Jumat, 24 April 2015


  1. The new EU Directive on the mutual recognition of professional qualifications has arrived! It's going to be Bolognia all over again!
  2. The EU announces that member states are now allowed to channel a great deal more State Aid to their film industries than previously - including funding the 'modernisation' of individual cinemas. Apparently, Europe produces more films than India, and that's somehow a good thing. 
  3. The World Bank's study tracking the size of the high-seas piracy sector off the horn of Africa is now out, and makes for fantastic reading. Also note the Creative Commons 3.0 Unported licence. A bit more detail here.
  4. I almost never post these but ACCA's Global Economic Conditions Survey, of which I am the editor, came out a few days ago and is very interesting. 
  5. The IMF's mea culpa team has kind of over-done it here - a study with a very limited sample up to 09 finds that fiscal multipliers increase during rapid consolidations. Still, interesting for its approach to measuring the speed of fiscal consolidation. 
  6. More from the IMF - how sovereign wealth funds work.
  7. Post-bailout Ireland's industrial production exploded last month, but Europe's production fell by 0.5%
  8. A recent paper explores the effect of cigarette taxes on consumption in Greece, and the potential benefits of smokers cutting down. 
  9. Venezuela slides further down towards shithole status.

Selasa, 07 April 2015


  1. Among many other dubious distinctions, did you know Greece is one of the worst places for employers trying to hire skilled expats? Anyone surprised?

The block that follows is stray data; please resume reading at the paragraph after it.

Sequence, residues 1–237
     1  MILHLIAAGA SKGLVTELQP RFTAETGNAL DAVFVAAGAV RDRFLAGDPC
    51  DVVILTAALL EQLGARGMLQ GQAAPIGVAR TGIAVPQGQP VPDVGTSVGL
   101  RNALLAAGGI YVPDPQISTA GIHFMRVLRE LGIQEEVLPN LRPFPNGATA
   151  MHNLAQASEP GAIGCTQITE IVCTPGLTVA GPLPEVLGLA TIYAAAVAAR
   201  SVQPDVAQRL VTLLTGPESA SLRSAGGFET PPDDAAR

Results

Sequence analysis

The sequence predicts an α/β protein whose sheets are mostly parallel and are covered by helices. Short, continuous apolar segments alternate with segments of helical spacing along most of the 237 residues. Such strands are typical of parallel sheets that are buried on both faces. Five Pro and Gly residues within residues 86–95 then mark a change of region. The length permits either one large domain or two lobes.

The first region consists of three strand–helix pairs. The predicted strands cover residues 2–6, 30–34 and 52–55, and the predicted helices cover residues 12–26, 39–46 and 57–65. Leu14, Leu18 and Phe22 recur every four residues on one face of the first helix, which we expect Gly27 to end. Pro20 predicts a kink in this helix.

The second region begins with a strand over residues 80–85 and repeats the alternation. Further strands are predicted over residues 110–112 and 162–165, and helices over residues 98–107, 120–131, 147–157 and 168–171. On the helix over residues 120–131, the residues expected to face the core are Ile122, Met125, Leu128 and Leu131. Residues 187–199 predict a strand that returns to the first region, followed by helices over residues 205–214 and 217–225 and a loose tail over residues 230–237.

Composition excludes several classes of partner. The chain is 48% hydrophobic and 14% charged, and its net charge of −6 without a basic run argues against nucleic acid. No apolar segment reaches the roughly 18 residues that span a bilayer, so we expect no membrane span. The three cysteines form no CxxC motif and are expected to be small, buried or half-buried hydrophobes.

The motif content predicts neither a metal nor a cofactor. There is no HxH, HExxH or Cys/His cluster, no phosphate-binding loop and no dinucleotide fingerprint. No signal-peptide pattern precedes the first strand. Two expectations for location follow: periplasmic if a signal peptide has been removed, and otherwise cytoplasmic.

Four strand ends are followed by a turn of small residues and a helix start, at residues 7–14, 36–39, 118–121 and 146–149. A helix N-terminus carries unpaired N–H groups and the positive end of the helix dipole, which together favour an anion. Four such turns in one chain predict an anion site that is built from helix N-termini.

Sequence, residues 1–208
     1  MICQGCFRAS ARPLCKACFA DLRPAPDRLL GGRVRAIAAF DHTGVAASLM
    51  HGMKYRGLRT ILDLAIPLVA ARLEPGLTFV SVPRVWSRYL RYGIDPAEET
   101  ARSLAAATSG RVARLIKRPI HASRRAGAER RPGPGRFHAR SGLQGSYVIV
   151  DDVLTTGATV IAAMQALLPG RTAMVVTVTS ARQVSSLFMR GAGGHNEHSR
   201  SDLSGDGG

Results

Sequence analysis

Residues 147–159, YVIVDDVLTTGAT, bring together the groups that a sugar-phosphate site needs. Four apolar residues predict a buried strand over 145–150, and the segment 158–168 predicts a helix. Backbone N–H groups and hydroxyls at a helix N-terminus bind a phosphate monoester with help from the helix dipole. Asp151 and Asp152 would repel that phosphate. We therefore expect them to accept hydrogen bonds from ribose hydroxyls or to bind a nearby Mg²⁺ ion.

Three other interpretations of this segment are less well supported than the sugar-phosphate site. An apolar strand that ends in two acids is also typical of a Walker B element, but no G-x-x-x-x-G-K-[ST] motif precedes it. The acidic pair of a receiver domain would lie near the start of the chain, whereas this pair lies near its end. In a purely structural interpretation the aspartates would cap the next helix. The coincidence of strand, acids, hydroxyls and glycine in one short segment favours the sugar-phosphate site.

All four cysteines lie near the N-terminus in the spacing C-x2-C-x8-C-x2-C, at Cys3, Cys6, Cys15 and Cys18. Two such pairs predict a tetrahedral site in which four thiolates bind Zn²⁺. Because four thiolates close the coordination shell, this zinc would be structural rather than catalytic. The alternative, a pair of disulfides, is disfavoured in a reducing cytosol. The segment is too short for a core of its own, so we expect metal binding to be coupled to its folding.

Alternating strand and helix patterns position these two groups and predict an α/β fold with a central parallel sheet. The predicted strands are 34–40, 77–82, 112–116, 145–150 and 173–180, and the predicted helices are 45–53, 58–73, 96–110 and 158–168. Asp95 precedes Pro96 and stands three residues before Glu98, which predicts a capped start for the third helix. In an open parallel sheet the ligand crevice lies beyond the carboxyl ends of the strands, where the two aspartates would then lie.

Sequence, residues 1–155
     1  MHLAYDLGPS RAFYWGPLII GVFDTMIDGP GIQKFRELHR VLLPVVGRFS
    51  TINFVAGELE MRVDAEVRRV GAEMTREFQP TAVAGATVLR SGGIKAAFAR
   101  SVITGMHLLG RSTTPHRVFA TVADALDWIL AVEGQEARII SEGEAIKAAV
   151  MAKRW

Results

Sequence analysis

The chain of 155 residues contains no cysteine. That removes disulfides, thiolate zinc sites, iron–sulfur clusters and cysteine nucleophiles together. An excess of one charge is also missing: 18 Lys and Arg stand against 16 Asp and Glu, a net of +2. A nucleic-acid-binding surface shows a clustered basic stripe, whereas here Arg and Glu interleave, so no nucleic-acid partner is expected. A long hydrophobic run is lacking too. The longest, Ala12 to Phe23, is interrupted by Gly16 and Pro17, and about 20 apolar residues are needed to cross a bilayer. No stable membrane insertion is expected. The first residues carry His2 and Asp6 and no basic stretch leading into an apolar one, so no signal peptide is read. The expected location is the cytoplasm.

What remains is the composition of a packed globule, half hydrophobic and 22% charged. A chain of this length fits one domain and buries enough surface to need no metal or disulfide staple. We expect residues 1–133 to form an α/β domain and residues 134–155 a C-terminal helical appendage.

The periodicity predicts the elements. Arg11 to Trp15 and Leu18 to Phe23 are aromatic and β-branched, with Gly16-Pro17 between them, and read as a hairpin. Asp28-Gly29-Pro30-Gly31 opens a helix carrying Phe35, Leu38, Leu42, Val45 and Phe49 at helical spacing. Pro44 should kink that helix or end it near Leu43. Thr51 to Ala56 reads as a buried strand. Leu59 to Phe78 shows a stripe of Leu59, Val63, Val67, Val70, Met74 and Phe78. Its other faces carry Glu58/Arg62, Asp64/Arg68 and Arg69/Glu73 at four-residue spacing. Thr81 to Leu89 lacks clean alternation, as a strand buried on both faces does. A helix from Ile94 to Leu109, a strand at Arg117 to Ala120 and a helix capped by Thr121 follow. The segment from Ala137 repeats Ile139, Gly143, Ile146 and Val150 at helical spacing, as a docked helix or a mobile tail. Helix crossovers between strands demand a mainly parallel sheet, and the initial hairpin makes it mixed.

2. A warning for Greece - electronic tax filing may not reduce compliance costs.
  3. The Ukraine's celebrated drift towards Europe is apparently over.
  4. The World Bank finds a negative correlation between indicators of good bank governance and bank capitalisation. Discuss.
  5. Still with the World Bank: the latest financial development report looks into what happens when individual borrowers benefit from debt forgiveness. No spoilers, turn to pg 99.
  6. How much inequality is there in the world?

Minggu, 26 Januari 2014


  1. The OECD's review of barriers to competition in Greece has now been published. Full report here.
  2. Latest Eurobarometer survey on the state of the Eurozone finds that the Irish and the Greeks are still supportive of the common currency (see pg 9), although other PIIGS are disillusioned. See also pp 49.  Killer graph on page 58, where the Portuguese, Greeks and Spaniards turn out to be the Europeans least convinced of their countries' need to reform.
  3. Still with the Eurobarometer folks, Greece has some of the longest traineeships in Europe.
  4. And 7% of Greeks own handguns, 19% of which for 'personal protection.'
  5. The 2013 Health Consumer Index ranks Greece 25th out of , down from 22nd in 2012. Read the full report here, with particular emphasis on pp. 14-15, where the researchers find Greece's reported reduction in health spending unreliable. 
  6. Speaking of public health, the findings of this decade-old survey of excess winter mortality in Europe clearly reflect the distinction between European core and periphery. Discuss.
  7. The OECD has released its economic survey of Greece for the coming year, anticipating much slower growth than the government's estimates. Please note that the OECD has so far predicted Greece's fiscal multiplier more accurately than the Commission or the IMF, although it's unclear why. 
  8. Still with the OECD, the results of the PISA 2012 survey, the latest in the definitive series of studies comparing educational outcomes across the world, are due this Wednesday, 3 Dec. Stay tuned here.
  9. PwC and the World Bank have released its 2014 Paying Taxes index report, looking into the administrative cost of paying business taxes around the world. Some Greek figures included.